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I've been working with CSS for sometime and I see that in a lot of tutorials and exercises the last line of a CSS tag has no ";" added to it. For example:

ul li:hover ul { 
    display: block

ul li ul {
      list-style: none;
      position: absolute;
      display: none;
      width: 104px;
      height: 100px;
      background-image: url(../_img/nav/dropdownbg.1.png);
      background-repeat: no-repeat;
      background-position: center;
      background-position: top

As you can see there are two examples. One with only one line and another with different commands in one tag. I would like to know why and which reason is there to do this?!! At school they didn;t tell us anything about this. I just close the last or only line with and ";" and it works perfectly.

So, which is the reason to do this? Is it more safe?

share|improve this question
you can think of it as a separator, not closing? – Michael Krelin - hacker Aug 21 '12 at 13:14
We use semi-colon when the styling properties is more then one. Semi-colon to separate one property from other. – sandeep Aug 21 '12 at 13:17
always terminate the line with semicolon – Gustonez Aug 21 '12 at 13:18
It should be noted that CSS preprocessors will remove the trailing semicolon automatically. I highly recommend keeping the trailing semicolon to avoid forgetting it when adding another property to the end of a rule. – bfrohs Aug 21 '12 at 13:19
SO if I undesrtand correctly, it really doesnt give you any advantage to add or not in the last line the delimeter ";". Its just a workflow... it doesnt affect for good or bad right?!?! – Daniel Ramirez-Escudero Aug 21 '12 at 14:23
up vote 5 down vote accepted

Šime Vidas' response to a related question is also valid here. The semicolon is a delimiter so the final property does not need to be delimited.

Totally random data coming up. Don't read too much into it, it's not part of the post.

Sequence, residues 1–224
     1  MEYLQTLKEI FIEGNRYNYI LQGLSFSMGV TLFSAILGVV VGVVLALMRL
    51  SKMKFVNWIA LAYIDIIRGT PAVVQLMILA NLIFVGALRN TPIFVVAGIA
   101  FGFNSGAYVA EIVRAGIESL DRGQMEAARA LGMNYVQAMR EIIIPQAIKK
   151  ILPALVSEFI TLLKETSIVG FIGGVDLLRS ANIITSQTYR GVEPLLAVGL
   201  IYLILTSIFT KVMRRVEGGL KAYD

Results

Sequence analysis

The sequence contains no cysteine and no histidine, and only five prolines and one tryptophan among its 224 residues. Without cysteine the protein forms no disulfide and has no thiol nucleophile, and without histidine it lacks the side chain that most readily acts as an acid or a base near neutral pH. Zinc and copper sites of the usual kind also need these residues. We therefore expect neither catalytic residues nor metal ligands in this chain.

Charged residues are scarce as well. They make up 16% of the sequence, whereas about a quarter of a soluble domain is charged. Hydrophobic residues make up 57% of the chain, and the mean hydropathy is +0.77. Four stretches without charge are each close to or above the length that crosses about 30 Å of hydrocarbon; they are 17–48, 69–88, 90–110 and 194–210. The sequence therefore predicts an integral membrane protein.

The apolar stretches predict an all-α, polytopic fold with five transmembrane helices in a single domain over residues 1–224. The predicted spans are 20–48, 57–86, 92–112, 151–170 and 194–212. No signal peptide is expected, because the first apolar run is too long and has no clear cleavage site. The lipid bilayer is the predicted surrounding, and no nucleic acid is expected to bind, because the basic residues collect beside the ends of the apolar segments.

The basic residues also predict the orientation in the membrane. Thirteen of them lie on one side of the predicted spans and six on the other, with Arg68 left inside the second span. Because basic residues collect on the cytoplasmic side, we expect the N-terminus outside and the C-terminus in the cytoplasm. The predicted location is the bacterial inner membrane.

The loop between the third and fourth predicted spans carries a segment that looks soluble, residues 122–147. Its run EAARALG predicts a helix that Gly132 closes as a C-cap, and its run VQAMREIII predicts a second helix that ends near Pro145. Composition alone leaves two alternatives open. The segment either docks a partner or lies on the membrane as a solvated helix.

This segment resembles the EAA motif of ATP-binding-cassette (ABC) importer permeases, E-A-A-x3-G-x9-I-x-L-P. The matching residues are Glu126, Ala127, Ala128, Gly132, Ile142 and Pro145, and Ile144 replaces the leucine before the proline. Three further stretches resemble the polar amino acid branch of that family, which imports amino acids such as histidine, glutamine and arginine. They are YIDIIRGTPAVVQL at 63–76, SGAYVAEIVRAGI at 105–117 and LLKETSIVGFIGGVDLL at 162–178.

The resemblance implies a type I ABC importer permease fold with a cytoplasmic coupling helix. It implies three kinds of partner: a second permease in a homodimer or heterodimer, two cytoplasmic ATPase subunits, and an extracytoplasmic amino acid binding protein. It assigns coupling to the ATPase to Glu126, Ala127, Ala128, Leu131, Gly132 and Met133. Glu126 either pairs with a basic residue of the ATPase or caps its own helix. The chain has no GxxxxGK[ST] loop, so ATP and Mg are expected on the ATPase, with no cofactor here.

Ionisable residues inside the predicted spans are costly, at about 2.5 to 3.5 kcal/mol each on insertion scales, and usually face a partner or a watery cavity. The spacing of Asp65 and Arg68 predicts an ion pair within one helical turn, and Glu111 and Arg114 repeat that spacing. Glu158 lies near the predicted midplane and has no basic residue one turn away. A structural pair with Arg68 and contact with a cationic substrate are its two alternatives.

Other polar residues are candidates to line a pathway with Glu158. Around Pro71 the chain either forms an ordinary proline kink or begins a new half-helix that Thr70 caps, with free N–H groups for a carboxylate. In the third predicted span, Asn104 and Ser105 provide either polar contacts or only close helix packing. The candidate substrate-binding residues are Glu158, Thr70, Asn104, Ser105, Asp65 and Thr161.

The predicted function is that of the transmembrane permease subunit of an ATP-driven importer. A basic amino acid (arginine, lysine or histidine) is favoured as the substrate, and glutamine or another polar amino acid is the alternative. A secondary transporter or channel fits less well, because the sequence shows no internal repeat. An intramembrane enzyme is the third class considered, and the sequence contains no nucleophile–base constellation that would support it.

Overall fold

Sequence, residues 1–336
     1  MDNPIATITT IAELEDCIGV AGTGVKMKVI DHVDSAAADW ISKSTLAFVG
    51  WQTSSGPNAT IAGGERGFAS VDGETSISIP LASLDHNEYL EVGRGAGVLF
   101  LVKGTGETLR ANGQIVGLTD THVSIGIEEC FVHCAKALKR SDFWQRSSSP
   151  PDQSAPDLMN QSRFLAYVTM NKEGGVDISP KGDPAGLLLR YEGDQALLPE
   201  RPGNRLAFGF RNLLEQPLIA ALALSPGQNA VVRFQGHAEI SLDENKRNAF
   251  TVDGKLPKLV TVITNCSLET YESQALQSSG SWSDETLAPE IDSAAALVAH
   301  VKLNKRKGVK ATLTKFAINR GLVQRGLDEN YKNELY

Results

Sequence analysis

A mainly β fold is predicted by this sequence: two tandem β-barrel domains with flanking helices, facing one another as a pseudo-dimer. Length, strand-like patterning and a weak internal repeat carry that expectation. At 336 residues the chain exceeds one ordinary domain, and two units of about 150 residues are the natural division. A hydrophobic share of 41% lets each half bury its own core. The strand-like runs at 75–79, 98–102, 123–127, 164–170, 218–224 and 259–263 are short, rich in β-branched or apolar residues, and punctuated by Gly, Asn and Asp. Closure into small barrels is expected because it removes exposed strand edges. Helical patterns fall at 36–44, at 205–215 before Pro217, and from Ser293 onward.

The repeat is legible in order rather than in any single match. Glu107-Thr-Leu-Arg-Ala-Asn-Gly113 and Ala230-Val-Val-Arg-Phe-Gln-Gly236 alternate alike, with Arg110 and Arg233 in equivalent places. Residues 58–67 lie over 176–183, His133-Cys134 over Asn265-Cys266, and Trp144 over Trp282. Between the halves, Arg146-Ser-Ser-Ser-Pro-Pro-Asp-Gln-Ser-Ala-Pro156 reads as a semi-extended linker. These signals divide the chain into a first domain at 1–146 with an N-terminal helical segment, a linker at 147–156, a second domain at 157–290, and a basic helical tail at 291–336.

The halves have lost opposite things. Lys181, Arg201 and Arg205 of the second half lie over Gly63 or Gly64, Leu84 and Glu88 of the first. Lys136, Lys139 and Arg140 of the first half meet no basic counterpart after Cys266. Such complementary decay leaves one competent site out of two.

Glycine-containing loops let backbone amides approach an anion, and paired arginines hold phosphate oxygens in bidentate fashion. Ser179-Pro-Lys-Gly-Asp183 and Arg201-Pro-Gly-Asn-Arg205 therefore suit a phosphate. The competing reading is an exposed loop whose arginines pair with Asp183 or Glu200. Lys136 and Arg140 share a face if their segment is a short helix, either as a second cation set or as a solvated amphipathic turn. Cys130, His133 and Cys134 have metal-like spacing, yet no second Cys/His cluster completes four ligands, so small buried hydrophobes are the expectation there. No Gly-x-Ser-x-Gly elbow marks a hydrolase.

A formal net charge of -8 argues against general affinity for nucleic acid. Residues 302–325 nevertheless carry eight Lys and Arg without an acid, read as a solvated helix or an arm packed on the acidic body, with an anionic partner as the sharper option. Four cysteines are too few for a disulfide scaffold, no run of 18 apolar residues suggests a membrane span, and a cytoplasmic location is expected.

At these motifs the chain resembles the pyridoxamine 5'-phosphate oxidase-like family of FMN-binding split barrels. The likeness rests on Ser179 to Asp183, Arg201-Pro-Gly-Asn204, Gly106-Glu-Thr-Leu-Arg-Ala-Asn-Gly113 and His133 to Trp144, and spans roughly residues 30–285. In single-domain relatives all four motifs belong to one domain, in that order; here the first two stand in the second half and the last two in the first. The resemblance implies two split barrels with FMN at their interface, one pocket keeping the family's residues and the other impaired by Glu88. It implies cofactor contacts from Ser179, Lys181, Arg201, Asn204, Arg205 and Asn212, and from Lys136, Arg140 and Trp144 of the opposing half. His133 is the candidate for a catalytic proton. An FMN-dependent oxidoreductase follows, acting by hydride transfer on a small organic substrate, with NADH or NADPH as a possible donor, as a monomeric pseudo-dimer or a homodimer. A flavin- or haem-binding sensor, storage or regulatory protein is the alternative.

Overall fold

However, I would not recommend it, because in the scenario that you need to add another property to the end of a CSS rule it is far more likely that you'll miss out the need for a semicolon and your CSS will break.

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The specs say

ruleset     : selector? '{' S* declaration? [ ';' S* declaration? ]* '}' S*;

which, as you can see does not imply terminating ; in curly braces.

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The semi-colon is a delimiter: It separates things. The last item doesn't need to be separated from anything that follows.

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The semi-colons separate the different lines, so if you have reached the last line, there is no need to put in a semi-colon, because you will see a brace which not only closes the line, but also closes the block.

I personally would prefer to put in a semi-colon anyway, but you're free to just leave it out.

Also check out;

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Since it is the last line in the rule there is no chance for ambiguity between it and the next rule because there is none. That's why it is ok to leave the last semi-colon off. Otherwise it offers no benefits or performance gains.

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